On Music Appreciation – III – Facet Types

By | July 19, 2009

This is the third in a series of posts about music appreciation. In previous posts, I argued that:

  1. Explaining our preferences with ‘taste’ doesn’t help a lot. All it really does is hide their complexities and protect us from the challenge of having to explain ourselves.
  2. Preferences are better explained using ‘facets’ of appreciation that each captures a different way that music might stimulate us. This by no means eliminates subjectivity, but providese a vocabulary, we can use to more easily understand and talk about preferences.  In particular, we become able to describe different people’s taste as differences in the priority or content of the facets they use.

So, what are some example facets? Here’s a list of the ones I’ve been able to identify so far:

  • Structure – The simplest facet is that of musical structure. It’s obvious to every listener that different styles of music have different structures to them, and it seems that, likewise, different listeners have different affinity for different structural elements. Some listeners like complex layered melody, while others prefer simple, accessible tunes. I’m no expert in music theory; my point is that musical structure plays a role in defining our preferences, and that there is no universal agreement on what makes for ‘good’ musical structure (excluding, perhaps, chaos and discordance). Here are some structural elements I commonly consider when trying to explain my own preferences:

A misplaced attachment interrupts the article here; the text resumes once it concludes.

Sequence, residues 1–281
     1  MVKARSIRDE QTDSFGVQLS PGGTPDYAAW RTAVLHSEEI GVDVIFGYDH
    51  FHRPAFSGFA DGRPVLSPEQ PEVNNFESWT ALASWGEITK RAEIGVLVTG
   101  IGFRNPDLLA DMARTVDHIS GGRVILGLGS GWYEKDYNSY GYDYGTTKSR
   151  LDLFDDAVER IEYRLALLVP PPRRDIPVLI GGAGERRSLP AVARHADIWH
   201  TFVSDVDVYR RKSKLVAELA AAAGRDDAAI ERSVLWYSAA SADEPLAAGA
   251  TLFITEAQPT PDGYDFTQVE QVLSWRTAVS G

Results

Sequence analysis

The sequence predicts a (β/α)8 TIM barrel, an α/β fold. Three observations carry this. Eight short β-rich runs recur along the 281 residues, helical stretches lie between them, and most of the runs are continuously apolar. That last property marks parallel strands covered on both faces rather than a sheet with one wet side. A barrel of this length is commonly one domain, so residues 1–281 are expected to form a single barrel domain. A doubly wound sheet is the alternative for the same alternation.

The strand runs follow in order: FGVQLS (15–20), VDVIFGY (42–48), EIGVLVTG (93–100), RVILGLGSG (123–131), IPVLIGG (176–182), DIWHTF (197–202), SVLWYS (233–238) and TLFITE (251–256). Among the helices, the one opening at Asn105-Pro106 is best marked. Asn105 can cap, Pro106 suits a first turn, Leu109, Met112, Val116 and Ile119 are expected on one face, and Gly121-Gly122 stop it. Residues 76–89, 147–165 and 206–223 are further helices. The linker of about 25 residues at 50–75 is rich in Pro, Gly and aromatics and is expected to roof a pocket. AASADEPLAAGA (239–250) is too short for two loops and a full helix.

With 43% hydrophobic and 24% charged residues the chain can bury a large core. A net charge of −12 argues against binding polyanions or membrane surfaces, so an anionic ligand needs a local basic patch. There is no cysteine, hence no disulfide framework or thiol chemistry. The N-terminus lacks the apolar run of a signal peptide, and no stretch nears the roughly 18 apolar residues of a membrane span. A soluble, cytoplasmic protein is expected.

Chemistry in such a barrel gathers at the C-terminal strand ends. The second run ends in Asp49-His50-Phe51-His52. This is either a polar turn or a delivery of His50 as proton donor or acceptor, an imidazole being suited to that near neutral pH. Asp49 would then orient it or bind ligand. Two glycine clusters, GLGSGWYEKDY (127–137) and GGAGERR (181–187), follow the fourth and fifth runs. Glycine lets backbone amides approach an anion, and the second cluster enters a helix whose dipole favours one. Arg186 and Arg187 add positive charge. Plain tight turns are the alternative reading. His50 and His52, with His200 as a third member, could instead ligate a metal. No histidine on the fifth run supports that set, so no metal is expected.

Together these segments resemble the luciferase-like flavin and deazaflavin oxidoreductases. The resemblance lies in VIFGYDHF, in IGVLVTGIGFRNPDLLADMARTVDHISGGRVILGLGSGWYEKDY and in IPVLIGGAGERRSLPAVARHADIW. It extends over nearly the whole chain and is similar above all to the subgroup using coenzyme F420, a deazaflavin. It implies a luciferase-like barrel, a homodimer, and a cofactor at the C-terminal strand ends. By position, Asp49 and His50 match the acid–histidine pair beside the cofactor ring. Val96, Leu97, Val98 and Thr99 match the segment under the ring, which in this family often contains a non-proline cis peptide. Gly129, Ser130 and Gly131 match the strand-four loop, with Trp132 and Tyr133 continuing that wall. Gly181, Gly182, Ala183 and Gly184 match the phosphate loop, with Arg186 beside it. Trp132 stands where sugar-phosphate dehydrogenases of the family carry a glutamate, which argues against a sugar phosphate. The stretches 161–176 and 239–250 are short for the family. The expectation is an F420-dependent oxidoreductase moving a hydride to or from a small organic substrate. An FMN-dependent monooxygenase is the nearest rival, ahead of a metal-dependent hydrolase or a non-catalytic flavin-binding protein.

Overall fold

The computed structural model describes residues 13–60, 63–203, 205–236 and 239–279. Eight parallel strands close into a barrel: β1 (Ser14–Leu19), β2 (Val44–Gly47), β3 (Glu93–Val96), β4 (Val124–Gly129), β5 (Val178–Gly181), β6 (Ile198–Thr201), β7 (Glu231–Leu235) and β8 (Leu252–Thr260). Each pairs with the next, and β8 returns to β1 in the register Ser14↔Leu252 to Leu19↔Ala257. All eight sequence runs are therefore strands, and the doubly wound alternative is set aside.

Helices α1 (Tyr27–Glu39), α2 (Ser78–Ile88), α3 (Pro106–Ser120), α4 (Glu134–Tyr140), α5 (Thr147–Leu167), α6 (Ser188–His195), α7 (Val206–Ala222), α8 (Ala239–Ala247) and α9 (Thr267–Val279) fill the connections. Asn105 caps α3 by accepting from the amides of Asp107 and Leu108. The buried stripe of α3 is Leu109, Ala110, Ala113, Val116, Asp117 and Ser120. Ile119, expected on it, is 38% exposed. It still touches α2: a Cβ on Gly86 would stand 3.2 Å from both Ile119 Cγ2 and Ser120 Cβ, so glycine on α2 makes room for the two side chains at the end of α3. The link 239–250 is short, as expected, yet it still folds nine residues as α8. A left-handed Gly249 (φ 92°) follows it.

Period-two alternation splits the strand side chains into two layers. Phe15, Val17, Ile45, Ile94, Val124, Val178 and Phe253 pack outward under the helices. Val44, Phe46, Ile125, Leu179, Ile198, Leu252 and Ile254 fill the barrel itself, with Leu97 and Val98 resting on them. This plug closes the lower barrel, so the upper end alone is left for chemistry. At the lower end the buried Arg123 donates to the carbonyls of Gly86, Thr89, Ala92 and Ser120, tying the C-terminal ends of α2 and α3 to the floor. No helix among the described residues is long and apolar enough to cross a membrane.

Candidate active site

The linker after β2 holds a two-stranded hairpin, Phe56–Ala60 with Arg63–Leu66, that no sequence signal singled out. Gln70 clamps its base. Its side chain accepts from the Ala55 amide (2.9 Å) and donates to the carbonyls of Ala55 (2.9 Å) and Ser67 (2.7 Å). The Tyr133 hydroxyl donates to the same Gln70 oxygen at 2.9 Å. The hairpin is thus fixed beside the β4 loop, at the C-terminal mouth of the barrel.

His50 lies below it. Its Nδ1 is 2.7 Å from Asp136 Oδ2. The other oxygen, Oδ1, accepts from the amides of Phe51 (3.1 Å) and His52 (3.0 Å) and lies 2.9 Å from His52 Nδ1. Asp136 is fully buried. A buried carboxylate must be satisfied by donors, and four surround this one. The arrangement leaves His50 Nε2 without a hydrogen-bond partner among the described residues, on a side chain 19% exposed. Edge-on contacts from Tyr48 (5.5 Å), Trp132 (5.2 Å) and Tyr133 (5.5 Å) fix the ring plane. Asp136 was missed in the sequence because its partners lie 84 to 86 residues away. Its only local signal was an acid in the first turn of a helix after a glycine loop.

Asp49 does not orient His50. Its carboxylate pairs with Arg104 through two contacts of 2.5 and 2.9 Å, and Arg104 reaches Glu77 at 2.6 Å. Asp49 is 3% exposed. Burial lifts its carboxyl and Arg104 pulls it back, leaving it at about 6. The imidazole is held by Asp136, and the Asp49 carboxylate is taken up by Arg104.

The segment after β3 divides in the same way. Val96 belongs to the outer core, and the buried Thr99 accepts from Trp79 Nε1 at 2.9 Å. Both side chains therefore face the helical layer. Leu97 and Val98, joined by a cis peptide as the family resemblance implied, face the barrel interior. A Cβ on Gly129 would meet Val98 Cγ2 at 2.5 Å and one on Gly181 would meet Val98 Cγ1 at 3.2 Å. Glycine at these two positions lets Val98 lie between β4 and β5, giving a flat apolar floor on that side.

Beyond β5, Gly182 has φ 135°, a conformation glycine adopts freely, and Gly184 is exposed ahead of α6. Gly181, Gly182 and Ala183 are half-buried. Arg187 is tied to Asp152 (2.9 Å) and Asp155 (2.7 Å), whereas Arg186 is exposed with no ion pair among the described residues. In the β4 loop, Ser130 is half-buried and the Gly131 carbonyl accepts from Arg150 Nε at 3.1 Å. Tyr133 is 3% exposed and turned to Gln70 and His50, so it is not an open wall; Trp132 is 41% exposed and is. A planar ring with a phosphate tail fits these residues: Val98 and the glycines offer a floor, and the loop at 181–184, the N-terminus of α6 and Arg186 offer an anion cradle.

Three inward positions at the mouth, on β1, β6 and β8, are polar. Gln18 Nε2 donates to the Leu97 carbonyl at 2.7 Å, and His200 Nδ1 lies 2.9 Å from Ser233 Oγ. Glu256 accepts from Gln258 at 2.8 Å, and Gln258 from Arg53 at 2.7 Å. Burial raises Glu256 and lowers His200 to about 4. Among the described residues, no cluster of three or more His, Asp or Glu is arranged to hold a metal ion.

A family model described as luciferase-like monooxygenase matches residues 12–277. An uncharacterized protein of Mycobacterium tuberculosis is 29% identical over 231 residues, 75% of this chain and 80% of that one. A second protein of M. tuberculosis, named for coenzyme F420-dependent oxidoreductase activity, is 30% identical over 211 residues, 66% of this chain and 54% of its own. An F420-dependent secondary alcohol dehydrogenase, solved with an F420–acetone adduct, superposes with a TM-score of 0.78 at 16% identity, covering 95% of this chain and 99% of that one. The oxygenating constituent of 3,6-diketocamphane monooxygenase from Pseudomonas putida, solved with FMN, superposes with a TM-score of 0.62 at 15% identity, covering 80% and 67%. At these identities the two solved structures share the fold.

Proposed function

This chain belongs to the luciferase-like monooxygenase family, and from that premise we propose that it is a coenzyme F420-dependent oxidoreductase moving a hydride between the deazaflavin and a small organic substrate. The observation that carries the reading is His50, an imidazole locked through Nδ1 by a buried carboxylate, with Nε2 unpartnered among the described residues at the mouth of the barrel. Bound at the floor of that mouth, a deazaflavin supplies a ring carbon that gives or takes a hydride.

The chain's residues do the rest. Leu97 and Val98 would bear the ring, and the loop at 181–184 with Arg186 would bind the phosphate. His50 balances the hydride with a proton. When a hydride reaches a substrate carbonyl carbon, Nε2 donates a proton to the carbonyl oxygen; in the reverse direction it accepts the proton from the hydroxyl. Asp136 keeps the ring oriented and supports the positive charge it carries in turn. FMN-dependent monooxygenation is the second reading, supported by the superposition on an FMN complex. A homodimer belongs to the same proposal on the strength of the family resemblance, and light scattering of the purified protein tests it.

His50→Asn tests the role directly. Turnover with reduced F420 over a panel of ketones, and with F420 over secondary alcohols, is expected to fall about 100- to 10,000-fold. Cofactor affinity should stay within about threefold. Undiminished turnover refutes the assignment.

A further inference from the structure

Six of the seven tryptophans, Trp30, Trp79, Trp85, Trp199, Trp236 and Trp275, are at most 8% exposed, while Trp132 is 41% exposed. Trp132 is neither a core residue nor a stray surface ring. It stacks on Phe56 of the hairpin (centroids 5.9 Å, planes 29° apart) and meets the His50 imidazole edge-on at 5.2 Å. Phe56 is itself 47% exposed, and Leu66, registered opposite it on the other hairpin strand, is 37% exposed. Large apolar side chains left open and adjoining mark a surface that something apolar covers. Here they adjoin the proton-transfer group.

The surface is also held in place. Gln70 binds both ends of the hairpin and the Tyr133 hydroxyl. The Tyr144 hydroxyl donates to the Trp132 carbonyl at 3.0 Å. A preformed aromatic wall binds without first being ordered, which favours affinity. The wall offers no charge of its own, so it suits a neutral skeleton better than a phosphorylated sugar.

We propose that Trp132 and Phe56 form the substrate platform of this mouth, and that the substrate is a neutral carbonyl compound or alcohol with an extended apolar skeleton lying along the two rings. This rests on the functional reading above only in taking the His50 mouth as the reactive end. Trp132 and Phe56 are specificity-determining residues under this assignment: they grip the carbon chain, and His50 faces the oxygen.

• Harmony
    • Melody
    • Beat & Percussion
    • Complexity
    • Tone
  • Nostalgia – There is some music that I like simply because it reminds me of a particular time, place, or event in my past. This facet is extremely subjective, and often difficult to explain in other ways. For me, examples of this are the Phantom of the Opera (which I listened to a lot when I was about 10), remixes of the music from old Commodore 64 games, and music like Shriekback, Sisters of Mercy, and Headless Chickens, all of which remind me of parties. Depending on the emotional character of my response, nostalgia might cause me to really like a piece of music, or really hate it.
  • Milieu – Similarly to nostalgia, some music evokes a particular setting, or place, or environment, and gains emotional significance from this that affects appreciation for it. The difference is that the association is not based strongly on a particular past experience. For example, one might appreciate music that evokes a particular historical period, or music that is ‘science-fictiony’. This is less subjective than nostalgia, but still quite so.
  • Emotional – Music very often evokes particular emotional responses that are not associated with any particular memory or milieu, but are the result of the music’s style, key, tempo, use of motifs and so forth. This form of emotional response to music seems the least subjective; for example, people can often agree easily on whether music is sombre, cheerful, or inspirational.
  • Utility – A lot of people seem to appreciate music that is good for some particular purpose. This might be music that’s good to code to (for me, that’d be Jeroen Tel, Machinae Supremacy, and similar stuff), music that’s relaxing, music that’s good to dance to, or even music that’s good to garden to (Vangelis’ Soil Festivities).